Techniques

Black is the New Black: Embracing Cocktails on the Dark Side

Dark grey cocktail in highball glass
Toronto's Grey Tiger takes the Americano to a dark place (in a good way) with activated charcoal. Photo by Becky Ip.

Bartenders and serious drinkers alike are always on the lookout for fun, new-to-them ingredients that inspire. Lately, inky dark cocktails have been popping up more and more. Made with ingredients like activated charcoal, squid ink (important note: squid ink isn’t always okay for those with seafood allergies), toasted black sesame seeds, black walnut hulls and the like, these drinks make for dramatic, show-stopping additions to cocktail menus. They range in hue from shadowy, hazy gray to deep, dark indigo to jet black, depending on which ingredients chosen and the proportion that’s added.

Like with anything else, each ingredient option (and there are many) has different pros and cons associated with its use. Squid ink, for example, imparts a salty, briny flavor. To complement that, Kirk Gibson, bartender at Brush Izakaya in Decatur, Georgia, pairs it with mezcal.

“[I]t worked out great, like, the salt flavor was very, very faint and it complimented the tequila very well because a little bit of saline can really bring out all the other flavors,” says Gibson.

He created the drink for a Harry Potter-themed menu for a local pop-up speakeasy.

“So, when we went into the bar to prep, the three of us were deciding on how many bottles of, you know, each drink to bring, we’re kind of, doing all our prep work, and we’re like, ‘Alright, well the light shaken drink, let’s batch out 30 of those and, you know, the dark, stirred whiskey drink, let’s batch out 30 of those, blah, blah, blah.’ and we got to the mezcal and squid ink one, we all just kind of laughed and we were just kind of like, ‘Uhh, we’ve got one bottle of tequila. That’ll be plenty,’” Gibson says.

They anticipated selling no more than eight of the inky black cocktails in the night, and before they knew it — they sold out.

“So the reception was way, way better than all of us ever thought and I think that people were way more intrigued by it than turned off by it. I think they were really kind of excited about the color and the way that it came out, you know, even just how it comes out of the shaker looking like clear and black and everything.”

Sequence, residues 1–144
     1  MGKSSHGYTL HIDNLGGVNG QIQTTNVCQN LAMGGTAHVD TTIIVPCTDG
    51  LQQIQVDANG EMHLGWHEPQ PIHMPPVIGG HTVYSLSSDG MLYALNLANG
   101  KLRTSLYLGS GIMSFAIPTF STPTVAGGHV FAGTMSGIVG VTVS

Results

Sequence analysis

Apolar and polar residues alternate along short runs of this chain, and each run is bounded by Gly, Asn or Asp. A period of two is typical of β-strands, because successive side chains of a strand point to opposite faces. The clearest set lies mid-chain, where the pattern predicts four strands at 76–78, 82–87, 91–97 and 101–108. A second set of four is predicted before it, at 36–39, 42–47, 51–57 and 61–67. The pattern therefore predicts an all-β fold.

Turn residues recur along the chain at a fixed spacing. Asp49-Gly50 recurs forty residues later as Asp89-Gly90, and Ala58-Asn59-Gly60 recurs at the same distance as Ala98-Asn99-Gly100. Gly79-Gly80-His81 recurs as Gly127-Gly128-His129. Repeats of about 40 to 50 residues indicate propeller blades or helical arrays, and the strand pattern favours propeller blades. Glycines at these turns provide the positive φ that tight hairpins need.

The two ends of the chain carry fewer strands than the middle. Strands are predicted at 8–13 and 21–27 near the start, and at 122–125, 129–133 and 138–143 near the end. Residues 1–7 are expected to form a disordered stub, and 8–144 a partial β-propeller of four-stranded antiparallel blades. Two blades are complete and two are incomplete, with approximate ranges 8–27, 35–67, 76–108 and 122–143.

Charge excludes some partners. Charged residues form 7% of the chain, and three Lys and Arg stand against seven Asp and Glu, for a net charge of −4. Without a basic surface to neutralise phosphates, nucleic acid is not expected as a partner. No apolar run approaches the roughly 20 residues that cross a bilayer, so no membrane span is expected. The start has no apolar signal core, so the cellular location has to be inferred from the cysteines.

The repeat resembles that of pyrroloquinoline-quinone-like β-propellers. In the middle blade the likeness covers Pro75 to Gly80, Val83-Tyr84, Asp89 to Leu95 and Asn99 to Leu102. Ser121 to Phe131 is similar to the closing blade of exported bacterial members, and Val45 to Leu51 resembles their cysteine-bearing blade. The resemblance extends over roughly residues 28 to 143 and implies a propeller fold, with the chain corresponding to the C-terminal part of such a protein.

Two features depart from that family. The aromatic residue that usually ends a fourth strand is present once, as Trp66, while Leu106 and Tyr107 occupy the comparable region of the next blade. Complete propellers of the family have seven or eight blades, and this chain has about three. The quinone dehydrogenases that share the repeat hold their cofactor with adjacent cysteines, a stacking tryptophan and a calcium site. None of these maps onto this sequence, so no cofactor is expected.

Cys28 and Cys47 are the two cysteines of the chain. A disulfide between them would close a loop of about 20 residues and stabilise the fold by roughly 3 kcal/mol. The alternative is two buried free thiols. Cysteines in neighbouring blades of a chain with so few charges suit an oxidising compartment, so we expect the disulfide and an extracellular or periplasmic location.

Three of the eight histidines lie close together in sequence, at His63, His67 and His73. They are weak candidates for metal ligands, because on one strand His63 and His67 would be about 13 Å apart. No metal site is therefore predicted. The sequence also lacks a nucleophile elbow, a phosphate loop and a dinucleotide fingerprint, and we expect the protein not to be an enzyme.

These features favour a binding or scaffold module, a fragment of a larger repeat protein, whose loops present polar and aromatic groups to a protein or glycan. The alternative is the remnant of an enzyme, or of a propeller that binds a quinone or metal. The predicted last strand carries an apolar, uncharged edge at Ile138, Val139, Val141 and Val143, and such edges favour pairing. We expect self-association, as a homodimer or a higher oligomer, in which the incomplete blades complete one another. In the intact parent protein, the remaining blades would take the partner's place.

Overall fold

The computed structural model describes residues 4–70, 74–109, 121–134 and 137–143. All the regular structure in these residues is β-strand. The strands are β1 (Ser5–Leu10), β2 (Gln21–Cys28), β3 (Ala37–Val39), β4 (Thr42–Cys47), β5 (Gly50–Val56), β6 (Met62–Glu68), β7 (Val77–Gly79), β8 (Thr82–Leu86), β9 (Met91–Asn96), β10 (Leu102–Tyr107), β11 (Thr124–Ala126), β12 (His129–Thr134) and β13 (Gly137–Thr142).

Toasted black sesame seeds also add flavor to the cocktails to which they’re added. Darwin Pornel, lead bartender at Faith & Flower in L.A., has experimented with both a black sesame tincture and a black sesame syrup for use in his drinks.

“I think the black sesame adds a really nice roundness, which we all kind of look for, as far as bartenders who oversee programs for restaurants go, just because it works with most dishes, you know, it’s not going to overwhelm your palate with heavy textures or sharp flavors or anything like that,” says Pornel. “So, black sesame has been something that I’ve been really trying to like hone in and kind of like make the star of this next menu as far as that kind of goes.”

The color comes from the outer husks, which get toasted and steeped in either rum or water, depending on what he’s making. The result is a deep, dark midnight shade that wows guests.

The Whistler, in Chicago, created a drink called the Black Yukon Sucker Punch (which, co-owner Billy Helmkamp noted, was a real drink on television show Twin Peaks) for one of their themed cocktail nights.

“[I]n that Black Yukon Sucker Punch, just the combination of Angostura, Black Strap, Cynar and a real, deep purple raspberry syrup, that needs absolutely nothing else added to it to make it jet-black. So that’s kind of a fun one, that’s a black cocktail that you can make without any kind of esoteric ingredient,” says Helmkamp.

A foamy black cocktail. The Whistler in Chicago's Black Yukon Sucker Punch gets its jet black hue from a combination of Angostura, Black Strap, Cynar and a real, deep purple raspberry syrup. Photo courtesy of The Whistler.